Or maybe you decide that you don't want to eat at this restaurant. So you don't. For years, you avoid this restaurant because, based on the opinions of your friends and community, you know you won't like it. Then, your boss calls a business meeting, and you're forced to eat there with your coworkers and managers. And guess what - you like it! Actually, it might be your favorite new place. You just wasted years missing out on this because everyone else convinced you that you might not like it. 

This is what happens when truth is relative; we develop a whole bunch of expectations in a world where we cannot just go out and determine truth for ourselves. If you just decided, hey, I want to try this restaurant and went and tried it, you could have avoided ALL of this mess...but that's not how we operate any more. 

And it's killing our relationship with God. 

We are a people who don't just go to God. We don't just seek Him out. We don't ask Him the questions that we have, even the questions that we have about Him because we've been taught that that's not how you discover truth any more. You can't possibly understand the wholeness of something by just experiencing it for yourself. And yet, it is this personal experience that is the very thing that we depend on to guide our lives by its authority (and, ironically, it is this personal experience that we are counting on others to have had to guide us in our own questions - we don't ask someone to recommend a restaurant they've never been to). 

Do you see how stuck we are? It's insane. 

No wonder we're headed for Tarshish. 

Monday, August 23, 2021

Experiencing God

The fact that most of us are far-too-willing to tell everyone else when they're wrong, according to our personal beliefs, but that we would hesitate (if not run the opposite direction) when God tells us to tell them they are wrong should cause us a little bit of pause. 

What this means more than anything is that we put more authority in our own experience than we do in God's word and perspective.

And what this means more than anything is that many of us are living lives - even lives of faith - where we have not had a convincing experience of God.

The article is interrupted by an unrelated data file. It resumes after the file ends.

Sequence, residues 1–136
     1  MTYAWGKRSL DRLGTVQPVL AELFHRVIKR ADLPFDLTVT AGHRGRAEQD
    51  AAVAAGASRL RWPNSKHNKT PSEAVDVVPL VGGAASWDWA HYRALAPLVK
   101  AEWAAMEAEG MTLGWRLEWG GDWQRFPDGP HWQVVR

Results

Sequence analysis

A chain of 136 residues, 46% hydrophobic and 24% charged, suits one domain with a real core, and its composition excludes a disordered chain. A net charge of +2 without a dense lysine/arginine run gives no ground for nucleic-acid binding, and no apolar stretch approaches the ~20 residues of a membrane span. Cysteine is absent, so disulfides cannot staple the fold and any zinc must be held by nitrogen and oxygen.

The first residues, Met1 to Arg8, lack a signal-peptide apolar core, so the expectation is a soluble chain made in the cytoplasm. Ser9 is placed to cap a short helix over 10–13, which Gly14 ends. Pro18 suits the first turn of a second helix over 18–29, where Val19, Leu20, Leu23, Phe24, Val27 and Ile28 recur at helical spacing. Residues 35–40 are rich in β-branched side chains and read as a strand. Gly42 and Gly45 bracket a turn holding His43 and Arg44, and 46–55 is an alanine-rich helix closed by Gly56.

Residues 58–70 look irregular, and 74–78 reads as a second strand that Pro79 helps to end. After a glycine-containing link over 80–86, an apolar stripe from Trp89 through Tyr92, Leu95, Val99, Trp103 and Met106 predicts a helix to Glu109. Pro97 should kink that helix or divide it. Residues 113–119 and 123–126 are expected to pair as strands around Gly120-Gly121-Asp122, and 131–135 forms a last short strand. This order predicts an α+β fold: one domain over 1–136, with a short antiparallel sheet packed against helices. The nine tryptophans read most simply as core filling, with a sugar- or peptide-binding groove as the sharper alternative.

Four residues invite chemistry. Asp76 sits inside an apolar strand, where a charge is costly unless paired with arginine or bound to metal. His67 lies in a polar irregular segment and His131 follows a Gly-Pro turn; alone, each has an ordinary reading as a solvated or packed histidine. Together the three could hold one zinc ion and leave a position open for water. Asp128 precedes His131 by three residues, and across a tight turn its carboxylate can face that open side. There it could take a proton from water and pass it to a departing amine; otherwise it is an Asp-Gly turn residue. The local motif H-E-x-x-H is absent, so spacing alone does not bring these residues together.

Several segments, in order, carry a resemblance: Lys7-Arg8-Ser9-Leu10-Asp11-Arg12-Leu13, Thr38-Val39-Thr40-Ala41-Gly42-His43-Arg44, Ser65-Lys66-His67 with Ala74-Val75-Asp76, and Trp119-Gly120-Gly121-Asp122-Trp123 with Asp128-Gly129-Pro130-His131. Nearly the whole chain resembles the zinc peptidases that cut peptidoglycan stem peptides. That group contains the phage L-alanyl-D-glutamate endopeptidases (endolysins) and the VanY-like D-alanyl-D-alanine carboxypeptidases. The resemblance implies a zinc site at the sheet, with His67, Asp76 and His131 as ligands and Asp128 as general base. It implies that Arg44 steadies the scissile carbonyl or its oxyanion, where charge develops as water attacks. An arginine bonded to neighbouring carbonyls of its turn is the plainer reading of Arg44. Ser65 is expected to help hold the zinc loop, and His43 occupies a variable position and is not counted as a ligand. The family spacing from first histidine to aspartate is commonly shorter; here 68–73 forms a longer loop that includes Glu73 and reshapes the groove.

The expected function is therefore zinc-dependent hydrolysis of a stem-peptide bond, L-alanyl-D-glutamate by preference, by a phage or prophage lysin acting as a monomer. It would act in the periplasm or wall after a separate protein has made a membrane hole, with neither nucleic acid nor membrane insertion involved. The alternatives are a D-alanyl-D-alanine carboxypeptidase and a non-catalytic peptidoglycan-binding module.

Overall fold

That's a problem. 

If the threshold for our action and our opinion is that we have considered an idea, weighed it out, measured it, and found it substantial - and not just substantial, but good (we don't usually fight for things we do not consider good), then the fact that we are unwilling to fight for God, or even to speak on His behalf, means we have not done at least one of these things. 

Maybe we have not considered God. Maybe we are among the thousands, if not millions, of Christians whose faith is not their own. We were taken to church by our parents or our other relatives, or we fell under the influence of someone we admire or even a good pastor, and the faith that we carry with us is theirs, not ours. We are Christians because someone else brought us to Christianity, and we have never considered it for ourselves. 

Maybe we haven't weighed God out. Maybe we are among the Christians who have been taught that we should never test God, that we should just accept what He says and whatever happens to us. Maybe we haven't had a life that requires us to test Him. Maybe we haven't needed (yet) to pray desperate prayers, crying out from the depths of our souls. Maybe we haven't needed healing or grace or mercy or whatever else it is that might have convinced us on more than just an intellectual level that God is who He says He is. Maybe we haven't needed God, so we don't know how good He really is. 

Maybe we haven't measured Him. Maybe we haven't held Him up against the things of the world and really seen the difference. Maybe we've spent our lives running to the wisdom of the world first and settling for what it is able to offer us. Maybe we don't know, in our own experience, how high, how wide, how deep is the love of God because we simply haven't measured it.